12-year journey begins in Nigeria
It's been a long road to the priesthood for Deacon Emmanuel
Udoh, both in terms of time and distance.
Emmanuel began his vocation journey in his native country of
Nigeria. His parents raised him, his brother and four sisters in
the Catholic faith. They went to Mass on Sundays and attended a
After high school, Emmanuel trained to become a videographer and
began working in that field. After a year, he decided to join the
Josephites (Society of St. Joseph of the Sacred Heart), a religious
order of brothers and priests whose exclusive mission is to serve
the African American community.
During the six years he was a Josephite, he began studying for
the priesthood at a seminary in Nigeria and, later, at the
Josephite seminary in Washington, D.C. Eventually, he discerned
that his vocation was to be a diocesan priest and he left the
"I was looking for something close to what I have back home,"
says Deacon Emmanuel, "a community kind of church where people come
together and really participate actively and get involved."
He is now studying for the Diocese of Owensboro, KY. He met the
diocese's vocations director when he visited Nigeria with
Emmanuel's friend, Fr. Uwem Enoh, also a Saint Meinrad alumnus.
"When I visited Owensboro, I realized people were more involved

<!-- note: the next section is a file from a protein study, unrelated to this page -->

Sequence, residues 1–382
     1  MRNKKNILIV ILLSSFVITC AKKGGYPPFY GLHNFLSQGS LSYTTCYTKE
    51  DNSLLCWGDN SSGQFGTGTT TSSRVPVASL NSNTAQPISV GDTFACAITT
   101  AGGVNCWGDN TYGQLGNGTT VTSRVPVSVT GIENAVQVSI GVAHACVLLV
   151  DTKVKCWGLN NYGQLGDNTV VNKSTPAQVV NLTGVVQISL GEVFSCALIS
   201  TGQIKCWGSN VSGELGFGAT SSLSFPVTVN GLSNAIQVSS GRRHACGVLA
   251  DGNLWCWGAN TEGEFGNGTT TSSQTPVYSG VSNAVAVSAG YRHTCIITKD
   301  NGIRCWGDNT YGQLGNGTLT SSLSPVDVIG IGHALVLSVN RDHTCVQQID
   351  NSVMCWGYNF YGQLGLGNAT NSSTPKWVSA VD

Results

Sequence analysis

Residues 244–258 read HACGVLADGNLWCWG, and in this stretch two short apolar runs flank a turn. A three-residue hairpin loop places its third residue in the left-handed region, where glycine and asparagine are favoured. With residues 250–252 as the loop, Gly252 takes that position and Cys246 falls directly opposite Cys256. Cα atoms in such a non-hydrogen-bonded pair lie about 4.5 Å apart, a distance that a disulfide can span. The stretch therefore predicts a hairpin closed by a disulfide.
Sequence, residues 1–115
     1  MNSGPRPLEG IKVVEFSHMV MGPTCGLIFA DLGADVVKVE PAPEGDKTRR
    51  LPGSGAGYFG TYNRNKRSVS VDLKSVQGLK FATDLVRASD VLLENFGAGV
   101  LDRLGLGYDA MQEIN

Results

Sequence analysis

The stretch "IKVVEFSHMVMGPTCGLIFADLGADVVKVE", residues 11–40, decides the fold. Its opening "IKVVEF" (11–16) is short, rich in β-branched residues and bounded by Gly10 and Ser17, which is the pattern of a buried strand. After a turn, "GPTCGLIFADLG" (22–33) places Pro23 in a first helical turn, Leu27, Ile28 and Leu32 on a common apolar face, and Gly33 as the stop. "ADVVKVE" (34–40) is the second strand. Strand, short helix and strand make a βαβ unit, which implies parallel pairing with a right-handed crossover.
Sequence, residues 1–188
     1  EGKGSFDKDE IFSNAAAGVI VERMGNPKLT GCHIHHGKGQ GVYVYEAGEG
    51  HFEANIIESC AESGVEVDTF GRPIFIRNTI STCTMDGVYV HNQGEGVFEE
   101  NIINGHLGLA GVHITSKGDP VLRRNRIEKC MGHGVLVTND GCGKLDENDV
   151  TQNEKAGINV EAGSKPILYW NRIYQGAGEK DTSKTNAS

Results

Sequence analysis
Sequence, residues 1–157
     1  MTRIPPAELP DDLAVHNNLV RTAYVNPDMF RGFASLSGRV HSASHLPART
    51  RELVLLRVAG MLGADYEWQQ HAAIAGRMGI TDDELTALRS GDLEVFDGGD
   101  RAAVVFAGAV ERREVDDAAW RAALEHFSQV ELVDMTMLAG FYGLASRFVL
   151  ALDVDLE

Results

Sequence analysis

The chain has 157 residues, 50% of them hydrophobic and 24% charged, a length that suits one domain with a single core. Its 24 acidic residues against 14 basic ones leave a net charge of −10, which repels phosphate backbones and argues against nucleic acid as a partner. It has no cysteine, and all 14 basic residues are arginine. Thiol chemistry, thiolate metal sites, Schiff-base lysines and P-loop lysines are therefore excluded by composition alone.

in their parish," he says. "That kind of drew me into the
His studies at Saint Meinrad Seminary and School of Theology
have helped him prepare for what he most looks forward to as a
priest: preaching and celebrating the sacraments. "That's where you
really have the opportunity to meet people where they are," he
His preaching classes have helped him develop several approaches
to preaching. Deacon Emmanuel favors a more casual, less scripted
style of preaching, but he also learned to be comfortable speaking
from a text. He found both styles helpful during last summer's
ministry assignment at an Owensboro parish. As a deacon, he had
opportunities to preach and refine his style.
"My goal is to be a servant leader," he says. "I want to be
happy and fulfilled and be able to share that happiness with the
people. I believe that our world right now desperately needs hope.
To be able to share that hope and joy with the people I serve -
that's what I look forward to."
After 12 years in the seminary, Deacon Emmanuel is happily
anticipating ordination and serving in a parish. "It's a journey,"
he says. "I persevered and I continued to say 'yes' to God. Now I
look back on it and I don't know how I did it all those years, but
I'm just thankful to God that I said 'yes.'"